Posted by: Bruce Einhorn on January 25, 2007
It’s probably just a coincidence that Hu Jintao on Tuesday issued his latest call for more censorship of the Internet at the same time as the world’s political and business elite were gathering in Davos for the annual globalization gabfest. But by telling Communist Party officials that they should more “actively and creatively nurture a healthy online culture,” the Chinese president offered a timely reminder that the Beijing’s leaders want to have it both ways, continue drawing in billions of dollars in foreign investment from the sort of folks now hobnobbing in the Alps without surrendering the government’s control over the Chinese media. According to this article in Xinhua, Hu called on Party cadres to “use advanced technologies to better guide public opinions voiced through the Internet.” Adds Hu: “We should spread more information that is in good taste, and promote online products that can represent the grand Chinese culture.”
Good luck, Mr. President. China certainly has shown that it can do a good job of censoring the Internet, but with over 130 million Chinese now online, many citizens of the PRC have shown that they have what it takes to evade the Net police. Consider this story from Evan Osnos of the Chicago Tribune. (The link is to the Seattle Times, which picked up the story.) According to Osnos, millions of Chinese have been going to underground file-sharing sites to download episodes of “Prison Break,” the Fox show from the U.S. “‘As of nearly two weeks ago, it was leading all other American programs on China’s most popular underground downloading sites. A translation of its second season has received more than 2.5 million views, nearly 10 times that of “Desperate Housewives,” China’s long-running online favorite.”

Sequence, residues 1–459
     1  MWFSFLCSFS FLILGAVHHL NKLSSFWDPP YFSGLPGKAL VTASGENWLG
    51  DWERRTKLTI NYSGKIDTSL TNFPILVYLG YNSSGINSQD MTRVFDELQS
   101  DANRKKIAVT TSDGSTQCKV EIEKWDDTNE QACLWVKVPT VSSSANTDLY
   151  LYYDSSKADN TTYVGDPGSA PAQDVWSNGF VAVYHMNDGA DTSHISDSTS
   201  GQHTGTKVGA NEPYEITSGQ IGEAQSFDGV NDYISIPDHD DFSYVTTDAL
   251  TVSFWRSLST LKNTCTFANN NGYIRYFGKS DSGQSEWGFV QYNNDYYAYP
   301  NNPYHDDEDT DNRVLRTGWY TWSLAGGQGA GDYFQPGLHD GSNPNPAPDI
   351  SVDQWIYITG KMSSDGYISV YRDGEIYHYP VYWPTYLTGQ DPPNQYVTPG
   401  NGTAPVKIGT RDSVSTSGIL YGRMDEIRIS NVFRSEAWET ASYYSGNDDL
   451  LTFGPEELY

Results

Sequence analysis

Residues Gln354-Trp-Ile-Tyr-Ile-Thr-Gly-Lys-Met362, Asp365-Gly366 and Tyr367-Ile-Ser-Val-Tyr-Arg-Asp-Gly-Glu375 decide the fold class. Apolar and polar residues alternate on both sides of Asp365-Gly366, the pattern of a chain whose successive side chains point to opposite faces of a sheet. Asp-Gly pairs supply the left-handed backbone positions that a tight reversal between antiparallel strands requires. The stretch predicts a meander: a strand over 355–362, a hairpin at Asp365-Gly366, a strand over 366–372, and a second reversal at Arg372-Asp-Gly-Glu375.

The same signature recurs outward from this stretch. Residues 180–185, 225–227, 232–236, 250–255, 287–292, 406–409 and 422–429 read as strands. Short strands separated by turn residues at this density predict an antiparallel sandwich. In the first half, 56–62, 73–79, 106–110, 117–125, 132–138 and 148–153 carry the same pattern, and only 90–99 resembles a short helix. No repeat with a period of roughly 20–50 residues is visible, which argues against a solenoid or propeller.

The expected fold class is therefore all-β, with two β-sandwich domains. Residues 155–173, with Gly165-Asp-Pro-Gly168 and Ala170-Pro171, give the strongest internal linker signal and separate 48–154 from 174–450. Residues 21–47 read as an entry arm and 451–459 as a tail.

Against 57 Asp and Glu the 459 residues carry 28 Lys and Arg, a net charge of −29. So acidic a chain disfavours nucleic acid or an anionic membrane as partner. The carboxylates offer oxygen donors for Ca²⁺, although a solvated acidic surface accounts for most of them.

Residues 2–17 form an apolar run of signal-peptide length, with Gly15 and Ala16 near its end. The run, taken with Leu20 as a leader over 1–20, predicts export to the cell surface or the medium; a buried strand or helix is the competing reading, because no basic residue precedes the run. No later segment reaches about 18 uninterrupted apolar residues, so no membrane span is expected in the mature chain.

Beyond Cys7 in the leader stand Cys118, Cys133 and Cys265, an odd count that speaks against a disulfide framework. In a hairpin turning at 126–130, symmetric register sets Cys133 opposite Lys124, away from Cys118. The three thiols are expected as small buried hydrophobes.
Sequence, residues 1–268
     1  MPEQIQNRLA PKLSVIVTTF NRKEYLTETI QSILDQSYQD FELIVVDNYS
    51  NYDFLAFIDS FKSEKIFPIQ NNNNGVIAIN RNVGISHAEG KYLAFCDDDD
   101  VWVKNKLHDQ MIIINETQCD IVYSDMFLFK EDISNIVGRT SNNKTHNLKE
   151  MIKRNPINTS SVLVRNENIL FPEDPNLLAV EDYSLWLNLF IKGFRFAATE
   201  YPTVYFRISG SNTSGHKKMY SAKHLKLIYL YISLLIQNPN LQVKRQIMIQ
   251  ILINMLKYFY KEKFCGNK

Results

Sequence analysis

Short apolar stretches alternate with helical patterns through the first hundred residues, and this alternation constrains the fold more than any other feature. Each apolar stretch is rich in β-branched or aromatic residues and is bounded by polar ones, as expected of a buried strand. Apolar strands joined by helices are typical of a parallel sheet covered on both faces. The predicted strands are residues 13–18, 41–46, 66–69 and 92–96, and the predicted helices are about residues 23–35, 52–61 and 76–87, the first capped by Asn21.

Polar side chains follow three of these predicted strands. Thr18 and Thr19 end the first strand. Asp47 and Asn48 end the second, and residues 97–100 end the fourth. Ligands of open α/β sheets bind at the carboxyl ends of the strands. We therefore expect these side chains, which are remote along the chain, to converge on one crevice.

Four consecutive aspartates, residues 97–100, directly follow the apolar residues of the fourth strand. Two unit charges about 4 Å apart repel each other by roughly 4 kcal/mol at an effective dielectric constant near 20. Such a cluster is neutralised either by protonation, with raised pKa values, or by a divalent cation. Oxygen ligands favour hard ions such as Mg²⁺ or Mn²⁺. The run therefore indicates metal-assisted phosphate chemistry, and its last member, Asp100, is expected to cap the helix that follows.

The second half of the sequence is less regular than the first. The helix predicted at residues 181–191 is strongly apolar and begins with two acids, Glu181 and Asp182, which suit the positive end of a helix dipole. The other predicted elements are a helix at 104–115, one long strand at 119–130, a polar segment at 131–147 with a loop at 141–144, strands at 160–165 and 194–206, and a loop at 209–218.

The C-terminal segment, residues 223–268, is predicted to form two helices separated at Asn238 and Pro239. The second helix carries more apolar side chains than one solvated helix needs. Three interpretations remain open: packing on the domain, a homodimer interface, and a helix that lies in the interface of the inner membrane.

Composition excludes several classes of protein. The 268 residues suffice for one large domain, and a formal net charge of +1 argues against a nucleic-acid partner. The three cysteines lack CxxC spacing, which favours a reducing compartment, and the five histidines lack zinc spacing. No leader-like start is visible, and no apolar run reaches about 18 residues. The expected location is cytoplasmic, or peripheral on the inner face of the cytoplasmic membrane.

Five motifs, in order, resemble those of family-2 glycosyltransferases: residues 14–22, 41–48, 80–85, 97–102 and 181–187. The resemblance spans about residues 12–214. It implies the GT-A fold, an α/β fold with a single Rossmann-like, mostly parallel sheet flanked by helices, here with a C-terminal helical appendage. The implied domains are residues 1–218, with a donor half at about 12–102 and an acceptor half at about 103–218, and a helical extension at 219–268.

The Chinese have long been determined to maintain control of their television industry, which has obvious importance as a propaganda tool. When Hu talks about the Party’s need to crack down on unhealthy content on the Internet, he might be referring to sites run from outside China by dissidents and the Falun Gong. But chances are he’s just as spooked by the way people throughout China are using the Internet as a way to find alternatives to the state’s monopoly of the airwaves.